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I have nothing against special effects, per se. I’m aware they can add theatrical aesthetics to a magic performance, specially to a stage magic show. I wrote partly about these “enhancements” in my previous post 5 Ways to Get Attention.
However, a performer must moderate his use of special effects and temper it with good judgment. Special effects, when let loose on stage with heedless abandon, can smother the magic and do more harm than good to a show.
I once had a client who gushed about my minimalistic party show. He said he had been to Las Vegas and caught some magic acts. He said while the special effects were impressive, he didn’t experience the amazement of magic, as it was overwhelmed by lights (or lack of them), smoke, smog and snow. He said my fully house-illuminated sub trunk performance amazed him more than the cast-in-shadow illusions he saw in Las Vegas.
Of course, he could just be pulling my leg, just to humor me. But his remarks validated my theories on the use of special effects in theatrical presentations of magic. I name the theory after a famous magician in my whole barangay—Leodini’s Moderation theory.
Performers who have special effect equipment usually use it at full throttle, or, if not, at a profligate level. Last year, during the rehearsal of the Floating Lady of the evening show “Magic of Love”, a stagehand blew smoke from a machine when the lady started floating in the Gamolo Levitation. The smoke was so thick the floating lady could not be seen anymore. All one could see was the thick smoke enveloping the entire stage. I wryly remarked, “That, ladies and gentlemen, is the new illusion, ‘The Floating Smoke.’ “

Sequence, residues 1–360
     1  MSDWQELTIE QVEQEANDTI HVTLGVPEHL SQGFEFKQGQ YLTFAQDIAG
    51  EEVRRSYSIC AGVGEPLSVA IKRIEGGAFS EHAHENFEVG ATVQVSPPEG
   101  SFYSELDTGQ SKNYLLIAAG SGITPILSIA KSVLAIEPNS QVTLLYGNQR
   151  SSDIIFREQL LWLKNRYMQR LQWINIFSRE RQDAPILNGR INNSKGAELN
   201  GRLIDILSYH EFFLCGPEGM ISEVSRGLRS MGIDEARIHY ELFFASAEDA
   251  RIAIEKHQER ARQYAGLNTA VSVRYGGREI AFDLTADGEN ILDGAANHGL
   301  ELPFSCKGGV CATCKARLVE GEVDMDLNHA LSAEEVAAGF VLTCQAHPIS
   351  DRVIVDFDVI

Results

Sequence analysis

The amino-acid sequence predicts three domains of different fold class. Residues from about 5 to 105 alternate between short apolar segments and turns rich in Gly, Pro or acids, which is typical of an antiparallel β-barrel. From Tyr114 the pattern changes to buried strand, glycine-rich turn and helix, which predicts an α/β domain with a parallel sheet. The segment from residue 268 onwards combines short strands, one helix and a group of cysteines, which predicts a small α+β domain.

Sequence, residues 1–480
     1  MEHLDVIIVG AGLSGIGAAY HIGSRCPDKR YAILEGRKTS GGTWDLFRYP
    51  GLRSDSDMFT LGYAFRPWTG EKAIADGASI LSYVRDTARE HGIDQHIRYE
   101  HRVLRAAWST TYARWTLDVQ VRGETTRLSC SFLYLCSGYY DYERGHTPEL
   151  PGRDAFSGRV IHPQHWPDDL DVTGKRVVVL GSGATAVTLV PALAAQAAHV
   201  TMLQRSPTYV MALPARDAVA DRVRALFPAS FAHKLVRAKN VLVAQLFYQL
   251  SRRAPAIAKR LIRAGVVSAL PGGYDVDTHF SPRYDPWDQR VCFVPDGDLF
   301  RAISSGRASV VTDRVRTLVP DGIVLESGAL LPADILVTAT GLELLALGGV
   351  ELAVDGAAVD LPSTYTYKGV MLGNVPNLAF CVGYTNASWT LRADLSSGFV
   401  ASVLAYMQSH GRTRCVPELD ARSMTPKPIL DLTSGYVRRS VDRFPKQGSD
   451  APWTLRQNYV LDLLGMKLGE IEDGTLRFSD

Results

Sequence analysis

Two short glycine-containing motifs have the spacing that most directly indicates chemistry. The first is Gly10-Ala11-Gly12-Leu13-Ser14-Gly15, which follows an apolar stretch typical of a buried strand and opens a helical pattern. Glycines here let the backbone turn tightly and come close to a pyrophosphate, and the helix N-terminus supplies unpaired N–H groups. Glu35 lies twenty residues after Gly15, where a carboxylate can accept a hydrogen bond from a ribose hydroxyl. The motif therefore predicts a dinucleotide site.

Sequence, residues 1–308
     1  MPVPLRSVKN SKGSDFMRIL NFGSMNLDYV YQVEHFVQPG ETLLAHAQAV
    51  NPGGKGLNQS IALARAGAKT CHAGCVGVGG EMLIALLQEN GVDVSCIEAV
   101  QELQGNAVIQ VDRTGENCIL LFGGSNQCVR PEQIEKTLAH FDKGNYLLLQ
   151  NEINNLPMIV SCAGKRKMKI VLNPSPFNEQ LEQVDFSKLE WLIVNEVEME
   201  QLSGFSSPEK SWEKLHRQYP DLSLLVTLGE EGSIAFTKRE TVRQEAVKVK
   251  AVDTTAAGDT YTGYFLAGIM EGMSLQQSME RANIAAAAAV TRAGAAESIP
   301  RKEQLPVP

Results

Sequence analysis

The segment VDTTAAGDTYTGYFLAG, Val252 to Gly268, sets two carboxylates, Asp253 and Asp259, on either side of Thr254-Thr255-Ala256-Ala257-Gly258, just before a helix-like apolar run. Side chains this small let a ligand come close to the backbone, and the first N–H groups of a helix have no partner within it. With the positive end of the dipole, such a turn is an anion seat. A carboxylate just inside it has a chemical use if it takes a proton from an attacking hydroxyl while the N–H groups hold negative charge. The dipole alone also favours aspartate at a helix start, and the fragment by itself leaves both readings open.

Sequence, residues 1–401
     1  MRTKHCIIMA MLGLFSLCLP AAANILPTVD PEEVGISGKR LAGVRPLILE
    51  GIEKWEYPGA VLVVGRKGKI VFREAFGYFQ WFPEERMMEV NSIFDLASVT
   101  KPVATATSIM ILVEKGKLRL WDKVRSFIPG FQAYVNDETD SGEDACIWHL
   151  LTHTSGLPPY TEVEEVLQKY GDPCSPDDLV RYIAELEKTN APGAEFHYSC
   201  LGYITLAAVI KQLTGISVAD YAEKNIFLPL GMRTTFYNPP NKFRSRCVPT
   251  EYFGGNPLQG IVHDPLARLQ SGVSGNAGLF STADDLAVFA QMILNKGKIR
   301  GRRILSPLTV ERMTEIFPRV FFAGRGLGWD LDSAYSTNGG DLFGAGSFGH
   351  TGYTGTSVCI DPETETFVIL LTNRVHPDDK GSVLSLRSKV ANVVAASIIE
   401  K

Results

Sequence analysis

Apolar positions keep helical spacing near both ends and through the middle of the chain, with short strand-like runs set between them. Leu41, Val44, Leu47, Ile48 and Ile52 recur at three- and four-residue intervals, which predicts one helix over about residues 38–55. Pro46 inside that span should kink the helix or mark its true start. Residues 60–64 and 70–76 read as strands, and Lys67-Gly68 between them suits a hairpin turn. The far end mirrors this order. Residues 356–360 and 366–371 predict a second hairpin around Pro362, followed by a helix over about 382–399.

The cast laughed, for the scene was funny if it were not downright dumb.
Just because you have a smoke machine to produce fog doesn’t mean you have to fire all its cylinders. Moderation is the key, because special effects are there to enhance the magic and not kill it.
The same observation is valid when using the Black Art principle. You have to lower the light to hide the black art, but not lower enough that even the performer could not be seen. Also, lower the lights just enough so as not to raise audience suspicion. Don’t lower the lights until someone in the audience remarks, “Hey, they are lowering the light. Someone must be sneaking behind those props.”
I once performed the Floating Electric Bulb, where the light man not just lowered the lights. He also switched out some of them. The result was that the audience saw the electric bulb floating around the stage, but they could not see me. The magic was destroyed. For all they knew, I might just employed an assistant wearing an all-black clothes who scurried around the stage, carrying the bulb hither and thither. It was not the method I used, but if the audience thought that, it was a plausible explanation of the phenomenon they observed on stage.
For today’s blog, here’s my parting advice: if you have a special-effect equipment, rein in your love for it. Use it to enhance, not destroy, magic.
It might be an obvious advice, but you’d be surprised at how many magicians, when they received their brand-new equipment, could easily fall in love with it, throw good judgment in the air and extravagantly use it.